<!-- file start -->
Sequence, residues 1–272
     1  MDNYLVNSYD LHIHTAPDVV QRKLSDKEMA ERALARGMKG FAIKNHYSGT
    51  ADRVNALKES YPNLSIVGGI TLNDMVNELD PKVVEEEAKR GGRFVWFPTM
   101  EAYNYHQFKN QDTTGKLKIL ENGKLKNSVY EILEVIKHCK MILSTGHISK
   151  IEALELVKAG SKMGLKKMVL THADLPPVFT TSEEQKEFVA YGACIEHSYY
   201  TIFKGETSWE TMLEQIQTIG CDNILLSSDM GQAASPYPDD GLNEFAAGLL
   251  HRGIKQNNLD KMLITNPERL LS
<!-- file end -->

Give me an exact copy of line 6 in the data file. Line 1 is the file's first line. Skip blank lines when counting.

   201  TIFKGETSWE TMLEQIQTIG CDNILLSSDM GQAASPYPDD GLNEFAAGLL